“Today’s problems will be solved by future scientists. That’s always the way it has always worked. Like Galileo solving the problem of gravity, long after gravity was invented, or Thomas Edison doing whatever he did. After all, we don’t even know the full extent of the harm we’re doing today. It will take the skills and technology of future generations to come back in time with their time machines and fix everything, unless the world ends, like it was supposed to at the millennium.”

The Science Tomorrow (TM) Curriculum was developed under a new paradigm using guidance from the Department of Education’s Faith-Based Initiatives office (they don’t have a science office). Rather than relying solely on the advice of leading science education scholars, theologians were also consulted in designing the science instructional materials. Science Tomorrow CEO, Rod Paige, described the curriculum.

“When you’re talking about Failing Schools, …I mean Schools that Fail, you need to address the needs of low income minority kids. These kids just aren’t that smart, they are failures living in a culture of failure, so you’ve got to address their needs with sensitivity. It’s not their fault, they inherited it. You can’t just hand them a science book and expect them to be able to learn. Science is just too hard. It is difficult to explain, and even harder to understand ideas like how the Sun goes around the Earth, how heavier objects fall faster, how individuals adapt to their environment, and how the moon changes its shape with the seasons. We needed to develop innovative strategies to promote learning. That’s why we developed a new paradigm, one that everyone could understand. We invented a new strategy called Questionification; where all things in the universe could be divided into three basic groups: animal, vegetable, or mineral. Some things are bigger than a bread box, others smaller. With Questionification, we’re teaching students to develop good questioning strategies.”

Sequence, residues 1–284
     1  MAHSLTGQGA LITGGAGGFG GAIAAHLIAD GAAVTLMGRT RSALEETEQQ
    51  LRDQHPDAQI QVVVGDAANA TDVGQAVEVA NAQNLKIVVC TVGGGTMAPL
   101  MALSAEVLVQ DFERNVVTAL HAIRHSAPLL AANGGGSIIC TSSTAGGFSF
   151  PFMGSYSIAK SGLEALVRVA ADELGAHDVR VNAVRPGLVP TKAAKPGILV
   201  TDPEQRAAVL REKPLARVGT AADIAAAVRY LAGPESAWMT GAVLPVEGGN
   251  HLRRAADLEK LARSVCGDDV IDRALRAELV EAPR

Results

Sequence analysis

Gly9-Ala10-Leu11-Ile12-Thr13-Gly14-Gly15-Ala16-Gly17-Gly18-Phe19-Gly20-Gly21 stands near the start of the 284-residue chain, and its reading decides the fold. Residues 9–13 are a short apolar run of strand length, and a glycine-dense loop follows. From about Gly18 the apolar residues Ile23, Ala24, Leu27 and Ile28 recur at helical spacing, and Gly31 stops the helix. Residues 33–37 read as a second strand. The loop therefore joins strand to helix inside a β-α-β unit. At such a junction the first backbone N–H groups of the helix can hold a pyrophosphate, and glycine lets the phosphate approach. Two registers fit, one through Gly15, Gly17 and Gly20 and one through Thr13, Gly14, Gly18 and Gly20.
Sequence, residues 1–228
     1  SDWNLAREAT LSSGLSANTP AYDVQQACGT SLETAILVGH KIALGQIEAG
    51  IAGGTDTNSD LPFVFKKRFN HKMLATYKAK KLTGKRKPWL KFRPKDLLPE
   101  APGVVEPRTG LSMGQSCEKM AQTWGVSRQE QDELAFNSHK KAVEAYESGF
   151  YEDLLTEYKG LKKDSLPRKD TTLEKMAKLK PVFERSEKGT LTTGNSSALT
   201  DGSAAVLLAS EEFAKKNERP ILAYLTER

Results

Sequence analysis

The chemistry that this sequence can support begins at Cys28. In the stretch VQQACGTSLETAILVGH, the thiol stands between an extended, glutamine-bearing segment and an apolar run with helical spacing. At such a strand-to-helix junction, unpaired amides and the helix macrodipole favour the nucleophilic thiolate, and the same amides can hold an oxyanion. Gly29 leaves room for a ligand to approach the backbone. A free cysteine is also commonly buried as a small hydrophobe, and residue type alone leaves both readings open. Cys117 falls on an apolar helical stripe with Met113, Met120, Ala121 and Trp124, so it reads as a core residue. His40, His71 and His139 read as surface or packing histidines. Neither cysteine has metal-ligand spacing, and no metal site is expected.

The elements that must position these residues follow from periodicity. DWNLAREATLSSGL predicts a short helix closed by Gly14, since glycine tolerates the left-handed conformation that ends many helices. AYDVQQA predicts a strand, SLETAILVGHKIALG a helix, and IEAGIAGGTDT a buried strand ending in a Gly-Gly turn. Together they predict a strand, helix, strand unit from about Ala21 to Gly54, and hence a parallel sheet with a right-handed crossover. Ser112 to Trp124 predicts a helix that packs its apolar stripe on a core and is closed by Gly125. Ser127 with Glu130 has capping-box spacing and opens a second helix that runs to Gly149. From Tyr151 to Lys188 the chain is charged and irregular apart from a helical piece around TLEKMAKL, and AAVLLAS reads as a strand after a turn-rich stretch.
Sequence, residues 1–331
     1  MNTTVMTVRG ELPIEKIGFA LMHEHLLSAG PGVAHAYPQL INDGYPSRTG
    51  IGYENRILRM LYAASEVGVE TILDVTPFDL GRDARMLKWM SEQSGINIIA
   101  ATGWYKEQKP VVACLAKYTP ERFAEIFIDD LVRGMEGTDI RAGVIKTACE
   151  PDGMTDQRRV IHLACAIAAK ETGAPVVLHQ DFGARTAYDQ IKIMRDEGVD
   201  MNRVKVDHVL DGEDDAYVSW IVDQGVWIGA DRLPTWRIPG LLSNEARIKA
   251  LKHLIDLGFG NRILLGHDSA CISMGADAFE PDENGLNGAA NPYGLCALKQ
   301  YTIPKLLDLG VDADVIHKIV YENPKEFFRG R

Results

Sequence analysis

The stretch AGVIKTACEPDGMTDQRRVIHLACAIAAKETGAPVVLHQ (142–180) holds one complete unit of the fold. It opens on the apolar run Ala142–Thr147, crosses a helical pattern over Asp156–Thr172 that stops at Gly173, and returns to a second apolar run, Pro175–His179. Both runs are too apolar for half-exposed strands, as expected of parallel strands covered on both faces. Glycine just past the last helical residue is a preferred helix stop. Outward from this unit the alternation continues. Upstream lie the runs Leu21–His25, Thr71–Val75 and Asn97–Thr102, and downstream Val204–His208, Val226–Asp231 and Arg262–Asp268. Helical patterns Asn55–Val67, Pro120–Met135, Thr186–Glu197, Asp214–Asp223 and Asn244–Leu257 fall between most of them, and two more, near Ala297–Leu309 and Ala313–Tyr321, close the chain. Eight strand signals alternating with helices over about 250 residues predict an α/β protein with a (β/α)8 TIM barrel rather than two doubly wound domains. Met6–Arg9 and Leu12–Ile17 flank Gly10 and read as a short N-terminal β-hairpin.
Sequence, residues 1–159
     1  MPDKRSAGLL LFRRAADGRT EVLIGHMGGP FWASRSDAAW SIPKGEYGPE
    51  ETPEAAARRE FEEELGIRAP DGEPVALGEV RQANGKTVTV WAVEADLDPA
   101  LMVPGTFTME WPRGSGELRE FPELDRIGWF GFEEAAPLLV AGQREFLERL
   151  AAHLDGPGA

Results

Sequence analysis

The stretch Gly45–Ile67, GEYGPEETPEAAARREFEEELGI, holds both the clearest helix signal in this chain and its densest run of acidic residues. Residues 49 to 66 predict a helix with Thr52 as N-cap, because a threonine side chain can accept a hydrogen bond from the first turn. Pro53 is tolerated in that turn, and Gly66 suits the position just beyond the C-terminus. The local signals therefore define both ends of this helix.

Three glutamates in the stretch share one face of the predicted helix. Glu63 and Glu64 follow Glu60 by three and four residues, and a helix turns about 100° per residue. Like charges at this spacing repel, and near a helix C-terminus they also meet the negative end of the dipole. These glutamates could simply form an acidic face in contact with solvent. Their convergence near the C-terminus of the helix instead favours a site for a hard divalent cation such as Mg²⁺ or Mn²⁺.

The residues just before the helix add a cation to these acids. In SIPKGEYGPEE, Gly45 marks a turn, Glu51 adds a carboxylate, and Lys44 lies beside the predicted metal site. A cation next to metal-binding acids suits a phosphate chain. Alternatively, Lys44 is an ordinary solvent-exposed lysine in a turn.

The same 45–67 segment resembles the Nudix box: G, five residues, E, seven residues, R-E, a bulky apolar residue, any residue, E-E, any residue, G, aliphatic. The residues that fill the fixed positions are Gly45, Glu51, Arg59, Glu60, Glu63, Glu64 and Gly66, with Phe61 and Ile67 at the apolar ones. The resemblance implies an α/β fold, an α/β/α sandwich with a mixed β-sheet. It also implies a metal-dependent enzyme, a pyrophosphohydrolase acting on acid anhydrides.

“We brought in Faith-Based groups to give us the kind of help we needed in simplifying the material. We needed both sides of the story. They helped us out by shortening the age of the universe from 15 billion years to 6,000. That makes it easier for kids to understand, and we want them to understand. Kids need to know how dinosaurs and people coexisted in peace and harmony until the flood. In the Biology text, we wanted to be sensitive about evolution, so we left that out. People are entitled to their own beliefs, but school is no place for that. Global Warming was also explained in way that everyone could easily understand. The heat is actually coming from Hell, which is becoming increasingly exothermic with the rise in global sin. It was a nice way for us to integrate classroom behavior with the environment.”

Leading science education specialists at NASA, NSF, and the NAS have expressed strong objections to the new materials, claiming that the new curriculum is grounded in poor instructional methods and promotes shallow test preparation strategies over sound scientific methods. Nobel Prize winning scientist, Sir Harold Kroto said of the materials, “They’re horrible, they’ve just recycled textbooks from the 70’s, and removed the good stuff. They’ve stuck their NOSE where it doesn’t belong. At least they’re recycling.” Instead of a lengthy dissertation on the subject, the National Academy of Science issued the following one-line statement: “Science Tomorrow sucks, badly.”

When cornered, Paige responded to the criticism. “The Science Tomorrow curriculum has been in development for 30 years, and is mostly based on science. It’s the best curriculum to come out in the entire 6000 year history of the universe. It was endorsed by the Kansas Board of Education. Not this one, the other one that got voted out. What does Kroto know? He’s not even American.”